Former tennis star James Blake has waited 700 days for the internal trial of an officer accused of tackling him after he was misidentified as a fraud suspect. It takes almost two years to resolve most similar cases, the New York Times finds.
When the New York City police officer who tackled former tennis star James Blake steps into an internal trial room this week, Blake will have waited more than 700 days to see the officer answer for his actions since a civilian oversight board found that he used excessive force. Blake, who was misidentified as a suspect in a credit card fraud ring, has canceled three plane tickets to New York because of trial delays and watched a plea deal he saw as soft fall apart for reasons that remain mysterious After the trial, Blake likely will wait for months for the police commissioner to hand down a final ruling on the officer’s guilt and possible punishment. Details of the punishment could remain a secret, the New York Times reports.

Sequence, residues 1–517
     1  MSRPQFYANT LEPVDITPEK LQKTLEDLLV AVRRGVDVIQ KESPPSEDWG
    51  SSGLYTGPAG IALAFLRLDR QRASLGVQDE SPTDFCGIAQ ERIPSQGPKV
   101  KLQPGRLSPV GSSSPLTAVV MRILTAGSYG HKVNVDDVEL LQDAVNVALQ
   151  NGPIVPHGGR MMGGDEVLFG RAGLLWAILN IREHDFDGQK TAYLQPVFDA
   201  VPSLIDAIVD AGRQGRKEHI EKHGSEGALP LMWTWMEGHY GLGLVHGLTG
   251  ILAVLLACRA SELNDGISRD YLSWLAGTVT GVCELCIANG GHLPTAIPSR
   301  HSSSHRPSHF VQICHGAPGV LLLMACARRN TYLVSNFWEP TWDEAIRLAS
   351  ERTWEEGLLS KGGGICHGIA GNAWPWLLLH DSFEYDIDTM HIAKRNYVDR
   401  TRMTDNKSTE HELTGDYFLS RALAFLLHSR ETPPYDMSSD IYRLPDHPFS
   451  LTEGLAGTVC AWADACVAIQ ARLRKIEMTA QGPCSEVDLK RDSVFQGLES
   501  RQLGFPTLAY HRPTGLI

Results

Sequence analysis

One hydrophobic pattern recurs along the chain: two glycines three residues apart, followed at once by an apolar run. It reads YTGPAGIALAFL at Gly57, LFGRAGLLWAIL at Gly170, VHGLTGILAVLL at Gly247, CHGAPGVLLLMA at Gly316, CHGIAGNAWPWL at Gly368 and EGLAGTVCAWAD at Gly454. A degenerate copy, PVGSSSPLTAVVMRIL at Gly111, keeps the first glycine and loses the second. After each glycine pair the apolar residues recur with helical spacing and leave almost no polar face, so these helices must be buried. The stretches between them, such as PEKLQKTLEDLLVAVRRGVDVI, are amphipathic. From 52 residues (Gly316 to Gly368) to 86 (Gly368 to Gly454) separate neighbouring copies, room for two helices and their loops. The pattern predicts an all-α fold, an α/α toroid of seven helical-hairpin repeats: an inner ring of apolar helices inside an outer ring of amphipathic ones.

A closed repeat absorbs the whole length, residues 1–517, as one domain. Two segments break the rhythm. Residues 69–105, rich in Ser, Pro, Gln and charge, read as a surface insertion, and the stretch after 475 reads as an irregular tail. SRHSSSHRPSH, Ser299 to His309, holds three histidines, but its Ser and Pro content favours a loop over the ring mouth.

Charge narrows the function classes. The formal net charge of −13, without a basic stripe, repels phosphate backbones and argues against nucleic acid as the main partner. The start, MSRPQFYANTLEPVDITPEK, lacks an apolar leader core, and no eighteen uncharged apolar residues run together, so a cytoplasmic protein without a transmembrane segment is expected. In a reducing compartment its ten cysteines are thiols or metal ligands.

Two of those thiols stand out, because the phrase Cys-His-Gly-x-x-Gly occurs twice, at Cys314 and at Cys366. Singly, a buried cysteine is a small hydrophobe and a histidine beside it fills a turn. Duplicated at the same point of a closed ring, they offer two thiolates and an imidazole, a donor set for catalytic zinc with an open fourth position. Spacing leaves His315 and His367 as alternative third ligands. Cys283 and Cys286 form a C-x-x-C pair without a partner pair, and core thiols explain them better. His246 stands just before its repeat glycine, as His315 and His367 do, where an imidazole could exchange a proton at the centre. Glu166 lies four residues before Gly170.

The byzantine process is the easiest path to holding an officer accountable for many victims of police misconduct. Data obtained by the Times shows just how long it takes for the Police Department to decide on an allegation that the Civilian Complaint Review Board (CCRB) has substantiated. Among the 43 trial cases that concluded this year, complainants waited an average of 15 months for prosecutors and defense lawyers to rest their cases at trial. After that, they waited another or seven months for a departmental judge to issue a ruling and for the police commissioner to decide whether to uphold the verdict. The wait has stretched out under the current police commissioner, James O’Neill. Said Blake of his delayed case: “I respect what the CCRB. is credited with trying to do. Right now, it doesn’t seem like they’re actually accomplishing the mission.”